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I have a struct that I'd like to export to a file, and then mmap() that file. One issue is that the struct has a member variable that is a string, and I'm not sure how mmap would handle that. In this case all of these strings are of identical size, 8 characters. I'm working on Windows, although I'm using an mmap() function I found online which is supposed to replicate the Linux mmap() function.

The struct itself is defined as:

struct testStruct
{
    string testString;
    unsigned int testInt;
    unsigned int tsetArr[9];
};

Is it possible to define the return value of sizeof() for an object?

Would mmapping a file which contains struct data be possible?

What code would I have to use to export the struct to a file, and then mmap it?

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2 Answers 2

up vote 6 down vote accepted

The representation of std::string is not guaranteed by the C++ standard, so this won't work. std::string may (and commonly will) allocate its contents anywhere on the heap, so you'll be storing a pointer and a size member, rather than the string itself.

A char array with compile-time constant size, such as tsetArr, should work, though.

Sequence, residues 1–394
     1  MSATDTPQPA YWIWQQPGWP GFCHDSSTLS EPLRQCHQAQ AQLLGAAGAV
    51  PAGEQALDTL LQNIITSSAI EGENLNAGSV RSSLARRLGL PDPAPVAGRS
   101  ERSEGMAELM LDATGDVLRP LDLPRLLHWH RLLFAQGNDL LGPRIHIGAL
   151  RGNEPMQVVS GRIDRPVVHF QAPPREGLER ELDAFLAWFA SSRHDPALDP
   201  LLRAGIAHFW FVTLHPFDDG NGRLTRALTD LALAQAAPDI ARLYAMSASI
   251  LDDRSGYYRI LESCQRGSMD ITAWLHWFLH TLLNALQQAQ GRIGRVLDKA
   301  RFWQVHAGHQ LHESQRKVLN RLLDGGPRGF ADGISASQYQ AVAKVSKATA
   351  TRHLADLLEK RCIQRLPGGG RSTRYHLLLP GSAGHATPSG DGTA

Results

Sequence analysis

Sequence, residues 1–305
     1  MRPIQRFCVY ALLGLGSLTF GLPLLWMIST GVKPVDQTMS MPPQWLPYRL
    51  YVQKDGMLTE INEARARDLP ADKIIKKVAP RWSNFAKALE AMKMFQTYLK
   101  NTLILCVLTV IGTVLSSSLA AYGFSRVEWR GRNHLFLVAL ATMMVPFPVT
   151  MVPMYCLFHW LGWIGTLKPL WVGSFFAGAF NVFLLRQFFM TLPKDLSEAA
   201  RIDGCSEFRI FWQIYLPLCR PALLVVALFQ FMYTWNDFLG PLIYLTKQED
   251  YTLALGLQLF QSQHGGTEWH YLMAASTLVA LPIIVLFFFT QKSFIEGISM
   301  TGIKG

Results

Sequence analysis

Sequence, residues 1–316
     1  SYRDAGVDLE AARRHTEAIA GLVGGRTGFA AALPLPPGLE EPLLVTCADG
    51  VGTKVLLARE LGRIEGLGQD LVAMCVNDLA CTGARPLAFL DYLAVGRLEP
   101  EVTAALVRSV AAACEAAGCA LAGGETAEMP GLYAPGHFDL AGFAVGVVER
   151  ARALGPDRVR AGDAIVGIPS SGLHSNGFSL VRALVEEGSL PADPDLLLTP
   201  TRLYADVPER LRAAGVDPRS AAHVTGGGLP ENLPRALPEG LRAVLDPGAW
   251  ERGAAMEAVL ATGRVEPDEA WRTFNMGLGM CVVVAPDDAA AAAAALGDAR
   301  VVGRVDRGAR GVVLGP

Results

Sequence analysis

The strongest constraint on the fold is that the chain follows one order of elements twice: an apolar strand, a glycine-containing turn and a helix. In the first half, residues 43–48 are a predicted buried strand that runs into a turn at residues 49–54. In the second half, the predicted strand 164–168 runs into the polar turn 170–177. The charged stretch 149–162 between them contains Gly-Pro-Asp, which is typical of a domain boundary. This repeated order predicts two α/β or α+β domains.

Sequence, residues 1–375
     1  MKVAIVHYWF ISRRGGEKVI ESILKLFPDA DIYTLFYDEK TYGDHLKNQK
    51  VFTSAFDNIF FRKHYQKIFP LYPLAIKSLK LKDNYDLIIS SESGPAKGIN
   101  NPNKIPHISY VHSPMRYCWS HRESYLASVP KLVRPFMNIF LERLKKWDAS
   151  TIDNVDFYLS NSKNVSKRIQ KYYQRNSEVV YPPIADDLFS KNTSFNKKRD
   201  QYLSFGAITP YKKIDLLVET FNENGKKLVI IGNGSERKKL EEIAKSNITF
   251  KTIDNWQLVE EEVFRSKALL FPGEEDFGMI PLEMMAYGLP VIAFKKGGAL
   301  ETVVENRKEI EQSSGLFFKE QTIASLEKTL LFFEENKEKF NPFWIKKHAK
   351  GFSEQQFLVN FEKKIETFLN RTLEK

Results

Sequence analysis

Is it possible to define the return value of sizeof() for an object?

No. sizeof is not a function, so you can't overload it (and strictly, it has a value, but not a return value since it doesn't return from anywhere; it's expanded to a constant by the compiler).

Would mmapping a file which contains struct data be possible?

Possible, yes, but I advise against it; your code will not be portable, perhaps not even to different compilers on the same platform, and your struct is cast in stone. If you want to do so anyway, only mmap POD (plain old data) with no pointer members and put an unsigned version member in your struct that you increment every time its definition is changed.

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Thanks. Would it be possible to memory map a vector of strings then, assuming all strings have the same number of characters (8)? –  Tristan May 4 '11 at 20:18
    
@Tristan: std::vector has the same problem as std::string: it allocates its contents on the heap (and may change the location if necessary for growth). A 2-d array (char[N][8] for some compile-time constant N) should work. –  larsmans May 4 '11 at 21:05
    
Thanks again. After I read the mmap the file of 8 character strings to the 2-d array, what would be the fastest way to then access each of those N items as a string? I will be dealing with hundreds of thousands of items so speed is important. –  Tristan May 4 '11 at 21:28
    
You mean as an std::string? Don't; you'd have to do hundreds of thousands of constructions, each involving a memory allocation. Use them as char* instead. –  larsmans May 4 '11 at 21:32
    
I'm a bit confused. Can you give an example of the declaration of this array that would be mapped? And how do you mmap to a 2-d array? –  Tristan May 4 '11 at 21:45
struct testStruct
{
    char testString[9];
    unsigned int testInt;
    unsigned int tsetArr[9];
};
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